The Obama administration will allow consumers to extend health insurance plans that fail to comply with President Barack Obama's healthcare law beyond 2014, according to three people familiar with the matter.
In a move that could help Democrats avoid a repeat of last autumn's public outcry over canceled health policies, administration officials are expected to announce the change within the next few days, according to the sources.
The sources, who spoke on condition of anonymity, said the administration has considered a number of alternatives and could opt to allow renewals of up to three years, which could postpone a new round of cancellations until after the 2016 presidential election.
The administration on Tuesday said it had nothing to announce.
But an official indicated that policy "final guidance" on the issue would come soon.
"The administration has committed to doing all we can to smooth the transition for hard-working Americans. We've taken steps already and are continuing to look at options," said Joanne Peters, a spokeswoman for the U.S. Department of Health and Human Services (HHS).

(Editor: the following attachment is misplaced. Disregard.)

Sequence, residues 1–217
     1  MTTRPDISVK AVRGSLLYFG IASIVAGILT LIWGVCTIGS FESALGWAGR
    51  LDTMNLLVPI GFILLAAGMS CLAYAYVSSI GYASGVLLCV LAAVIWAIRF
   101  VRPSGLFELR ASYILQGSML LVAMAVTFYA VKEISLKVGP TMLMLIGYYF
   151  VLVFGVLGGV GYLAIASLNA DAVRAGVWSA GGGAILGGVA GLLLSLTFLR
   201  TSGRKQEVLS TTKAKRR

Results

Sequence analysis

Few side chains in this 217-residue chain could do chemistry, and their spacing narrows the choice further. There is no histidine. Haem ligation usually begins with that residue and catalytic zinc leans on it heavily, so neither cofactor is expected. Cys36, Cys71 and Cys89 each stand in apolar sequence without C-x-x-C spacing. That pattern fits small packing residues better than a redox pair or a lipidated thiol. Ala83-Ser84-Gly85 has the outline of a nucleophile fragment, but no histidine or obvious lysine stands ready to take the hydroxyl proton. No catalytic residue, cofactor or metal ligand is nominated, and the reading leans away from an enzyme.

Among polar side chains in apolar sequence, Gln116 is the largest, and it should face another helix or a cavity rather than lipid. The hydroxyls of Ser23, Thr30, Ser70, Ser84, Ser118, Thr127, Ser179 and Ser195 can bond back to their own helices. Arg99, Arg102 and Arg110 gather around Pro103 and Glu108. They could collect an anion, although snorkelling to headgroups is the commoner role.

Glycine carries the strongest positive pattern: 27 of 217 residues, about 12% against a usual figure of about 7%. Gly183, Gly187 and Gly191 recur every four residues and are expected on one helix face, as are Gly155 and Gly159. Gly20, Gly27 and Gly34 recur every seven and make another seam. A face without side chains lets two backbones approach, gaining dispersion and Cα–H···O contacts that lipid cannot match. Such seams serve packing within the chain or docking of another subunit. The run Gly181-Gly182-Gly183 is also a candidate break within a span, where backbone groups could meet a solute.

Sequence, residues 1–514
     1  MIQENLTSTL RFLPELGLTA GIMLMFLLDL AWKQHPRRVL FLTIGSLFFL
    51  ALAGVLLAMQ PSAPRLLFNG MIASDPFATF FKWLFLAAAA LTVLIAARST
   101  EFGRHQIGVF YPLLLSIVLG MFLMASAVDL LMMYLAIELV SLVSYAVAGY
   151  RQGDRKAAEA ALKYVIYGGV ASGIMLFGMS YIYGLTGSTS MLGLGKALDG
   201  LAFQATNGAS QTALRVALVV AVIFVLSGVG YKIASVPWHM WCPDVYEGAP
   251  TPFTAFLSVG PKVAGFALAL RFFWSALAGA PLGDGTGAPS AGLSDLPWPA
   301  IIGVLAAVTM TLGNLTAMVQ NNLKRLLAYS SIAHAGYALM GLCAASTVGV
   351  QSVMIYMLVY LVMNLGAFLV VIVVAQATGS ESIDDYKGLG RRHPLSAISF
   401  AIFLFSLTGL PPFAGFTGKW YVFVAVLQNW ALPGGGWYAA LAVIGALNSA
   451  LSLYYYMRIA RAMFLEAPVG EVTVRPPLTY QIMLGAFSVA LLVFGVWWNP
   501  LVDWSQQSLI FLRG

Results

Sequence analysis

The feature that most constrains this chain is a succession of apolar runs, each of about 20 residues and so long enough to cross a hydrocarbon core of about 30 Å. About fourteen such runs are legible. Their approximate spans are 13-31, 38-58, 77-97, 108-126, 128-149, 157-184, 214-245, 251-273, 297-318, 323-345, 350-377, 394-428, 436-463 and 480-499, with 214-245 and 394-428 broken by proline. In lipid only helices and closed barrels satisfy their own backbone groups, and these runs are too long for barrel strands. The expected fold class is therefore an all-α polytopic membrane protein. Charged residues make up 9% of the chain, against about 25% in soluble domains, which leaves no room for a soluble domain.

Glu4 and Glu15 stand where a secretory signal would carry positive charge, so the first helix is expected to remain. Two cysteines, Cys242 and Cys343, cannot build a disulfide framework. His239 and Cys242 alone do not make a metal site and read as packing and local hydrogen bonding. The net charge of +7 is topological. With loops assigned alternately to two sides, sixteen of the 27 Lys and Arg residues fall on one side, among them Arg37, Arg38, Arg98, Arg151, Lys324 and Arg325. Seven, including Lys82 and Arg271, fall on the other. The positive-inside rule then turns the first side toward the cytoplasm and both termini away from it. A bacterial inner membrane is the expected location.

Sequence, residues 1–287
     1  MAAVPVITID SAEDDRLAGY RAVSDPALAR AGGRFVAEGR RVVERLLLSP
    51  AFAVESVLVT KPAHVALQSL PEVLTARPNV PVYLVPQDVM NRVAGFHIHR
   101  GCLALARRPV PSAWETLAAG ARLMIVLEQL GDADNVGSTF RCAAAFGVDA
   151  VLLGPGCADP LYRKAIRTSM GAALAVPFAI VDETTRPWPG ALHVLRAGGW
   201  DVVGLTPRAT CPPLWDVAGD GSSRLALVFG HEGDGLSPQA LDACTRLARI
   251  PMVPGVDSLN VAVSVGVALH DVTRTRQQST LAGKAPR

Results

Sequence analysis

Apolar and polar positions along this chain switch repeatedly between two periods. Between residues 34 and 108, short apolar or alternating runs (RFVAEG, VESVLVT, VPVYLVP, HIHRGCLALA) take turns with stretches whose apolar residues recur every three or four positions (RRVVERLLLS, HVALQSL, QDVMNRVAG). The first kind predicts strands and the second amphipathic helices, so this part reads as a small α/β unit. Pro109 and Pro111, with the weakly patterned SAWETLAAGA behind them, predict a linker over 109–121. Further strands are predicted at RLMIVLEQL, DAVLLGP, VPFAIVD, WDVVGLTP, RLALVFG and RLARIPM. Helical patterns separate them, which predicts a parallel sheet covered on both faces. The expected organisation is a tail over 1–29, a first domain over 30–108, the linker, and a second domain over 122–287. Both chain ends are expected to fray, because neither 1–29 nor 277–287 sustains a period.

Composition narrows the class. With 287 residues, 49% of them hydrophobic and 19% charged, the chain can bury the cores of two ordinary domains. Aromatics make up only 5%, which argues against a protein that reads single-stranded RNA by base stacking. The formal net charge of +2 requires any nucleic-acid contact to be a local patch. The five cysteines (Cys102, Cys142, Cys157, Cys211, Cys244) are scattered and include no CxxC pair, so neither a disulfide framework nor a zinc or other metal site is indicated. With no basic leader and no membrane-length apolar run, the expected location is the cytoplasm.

The possibility of a new administration directive was first reported by the congressional newspaper, The Hill.
Obama and his Democratic allies were rocked last autumn by a political uproar over millions of people who received cancellation notices from their insurers because their plans did not meet consumer safeguards, including minimum benefit requirements set by Obama's Patient Protection and Affordable Care Act.
The administration responded in November by saying it would not enforce the law's provisions for those who received notices. That gave state insurance regulators, insurers and consumers the option to renew noncompliant plans for a year. Read more.